Known as the ‘Snipe of the woods’, Woodcock is an elusive, wading bird found mainly in woodlands. It is a thick-bodied, pigeon-sized bird with a long bill. Its beautiful plumage provides almost perfect camouflage when it is on the ground, motionless in leaf litter. Rarely seen on the ground it is the rufous rump that is most striking when the bird is flushed into flight.
Woodcock is a crepuscular bird, most active at dawn and dusk. It feeds by probing its bill into damp ground, eating mainly earthworms and beetles.
Roding - a display flight
It is during its breeding display flight, known as roding, that Woodcock is most frequently seen. Males undertake roding flights between April and June. The male will patrol a large area, flying with rapid wingbeats over the tree line, overlapping with other males as they compete to attract the attention of females.
Female Woodcock have occasionally been seen carrying their young chick tucked between legs and body, often with the tail as additional support.
Woodcock has been hunted and eaten since Roman times. Its pin feathers (at the base of the leading primary on each wing) were used widely for various purposes including drawing the gold stripe down the side of a Rolls-Royce car.
Special monitoring survey for Woodcock
The nocturnal habits and cryptic nature of this species makes it difficult to monitor the breeding population using our traditional survey methods. A special survey for Woodcock has been devised, which uses the counts of the territorial roding flight, passes undertaken by males at dusk and dawn, to estimate the number of individual males present.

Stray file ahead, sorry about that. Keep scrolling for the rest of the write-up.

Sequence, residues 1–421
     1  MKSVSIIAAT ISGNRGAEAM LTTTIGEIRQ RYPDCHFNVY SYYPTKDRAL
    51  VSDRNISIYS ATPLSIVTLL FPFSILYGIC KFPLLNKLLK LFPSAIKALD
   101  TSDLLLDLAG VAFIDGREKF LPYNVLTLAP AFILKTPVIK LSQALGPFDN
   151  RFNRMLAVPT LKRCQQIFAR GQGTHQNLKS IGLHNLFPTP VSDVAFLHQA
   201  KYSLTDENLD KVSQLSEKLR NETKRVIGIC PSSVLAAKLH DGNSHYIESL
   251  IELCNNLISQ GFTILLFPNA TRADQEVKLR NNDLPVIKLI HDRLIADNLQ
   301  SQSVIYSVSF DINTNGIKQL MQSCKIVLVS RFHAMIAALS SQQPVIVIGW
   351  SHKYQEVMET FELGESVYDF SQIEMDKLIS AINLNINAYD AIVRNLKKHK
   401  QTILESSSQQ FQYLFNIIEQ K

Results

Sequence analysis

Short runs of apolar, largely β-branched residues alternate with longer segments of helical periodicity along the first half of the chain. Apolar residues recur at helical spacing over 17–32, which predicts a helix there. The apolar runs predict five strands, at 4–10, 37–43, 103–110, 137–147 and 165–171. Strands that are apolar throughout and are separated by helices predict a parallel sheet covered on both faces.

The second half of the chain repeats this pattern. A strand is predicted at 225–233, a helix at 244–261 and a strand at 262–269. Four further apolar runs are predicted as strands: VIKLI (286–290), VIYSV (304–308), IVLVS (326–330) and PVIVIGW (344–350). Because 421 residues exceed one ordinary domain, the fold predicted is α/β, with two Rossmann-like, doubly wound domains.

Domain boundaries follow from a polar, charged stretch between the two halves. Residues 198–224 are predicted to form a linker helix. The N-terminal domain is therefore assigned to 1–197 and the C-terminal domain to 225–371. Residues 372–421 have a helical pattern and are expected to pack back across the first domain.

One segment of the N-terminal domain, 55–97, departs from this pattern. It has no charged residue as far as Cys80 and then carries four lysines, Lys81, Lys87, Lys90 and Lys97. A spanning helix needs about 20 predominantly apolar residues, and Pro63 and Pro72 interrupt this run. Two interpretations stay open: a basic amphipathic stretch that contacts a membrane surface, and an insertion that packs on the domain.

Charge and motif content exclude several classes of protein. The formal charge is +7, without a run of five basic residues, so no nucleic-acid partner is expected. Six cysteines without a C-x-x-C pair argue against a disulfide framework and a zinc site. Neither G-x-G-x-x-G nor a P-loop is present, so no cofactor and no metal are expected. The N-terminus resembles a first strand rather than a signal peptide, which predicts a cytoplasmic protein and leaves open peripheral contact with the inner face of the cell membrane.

Woodcock is a widespread breeding bird in Britain and Ireland that is adapted to both deciduous and coniferous forest. In autumn there is an influx from the Continent, outnumbering the British and Irish population 5 to 1. During winter, it is estimated that up to 1.5 million individuals may be present in Britain and Ireland; mostly originating from northern Europe and western Russia.
In 2003 the population was estimated at 78,000 males, providing a baseline against which to assess future population change.
Breeding range decline
Woodcock breeding distribution covers much of Britain and Ireland, however the recent 2007-11 Bird Atlas indicates a considerable 29% reduction in range since the 1968-72 Breeding Atlas. The current breeding range is less than half its 1960s extent, supporting other evidence of long term population decline.
The reasons for the decline are unclear but may include recreational disturbance, drying out of woodlands, increased browsing by deer, declining woodland management, and maturing of new plantations.
Woodcock is listed as a bird of conservation concern as part of a wider breeding population decline in Europe.
Change over the last 10 years
Thanks to the help of our volunteers, over 800 randomly selected sites were surveyed in 2013, and here we provide an insight into the preliminary results.
Preliminary analysis of the results found:
- Woodcock were encountered at just one third of woodlands surveyed in 2013
- Northern England, eastern England and Northern Scotland had the highest levels of occupancy (>45%)
- The lowest occupancy levels were in Wales and soutwest England (<19%)
- Initial comparison with 2003 suggests a decline in overall site occupancy of around 19% in the last 10 years
- There was a severe decline in occupied sites of 51% in south Scotland
- There was an increase in occupied sites of 36% in northern England
- Occupied sites appear to be clustered around areas where large wooded areas remain, such as the New Forest, Thetford Forest, the Forest of Dean and Kielder Forest.
In conjunction with GWCT (Game and Wildlife Conservation Trust), further analysis is under way which will examine changes in Woodcock abundance from 2003 to 2013 to produce new national population size estimates.
We will use the survey results, combined with habitat information to examine potential causes behind different regional trends in Woodcock numbers and distribution. Read the preliminary Woodcock national survey and roding count results.
The GWCT is using satellite tracking to study the astonishing long-distance migrations of the Woodcock which visit Britain and Ireland in einter. Individuals can travel many thousands of miles to breed, and yet return to the same areas to winter. Visit Woodocock Watch for the latest results
How can I help?
If you took part in the 2013 breeding survey, please do consider re-surveying your square again in 2014 (May-June) and help us monitor this declining species.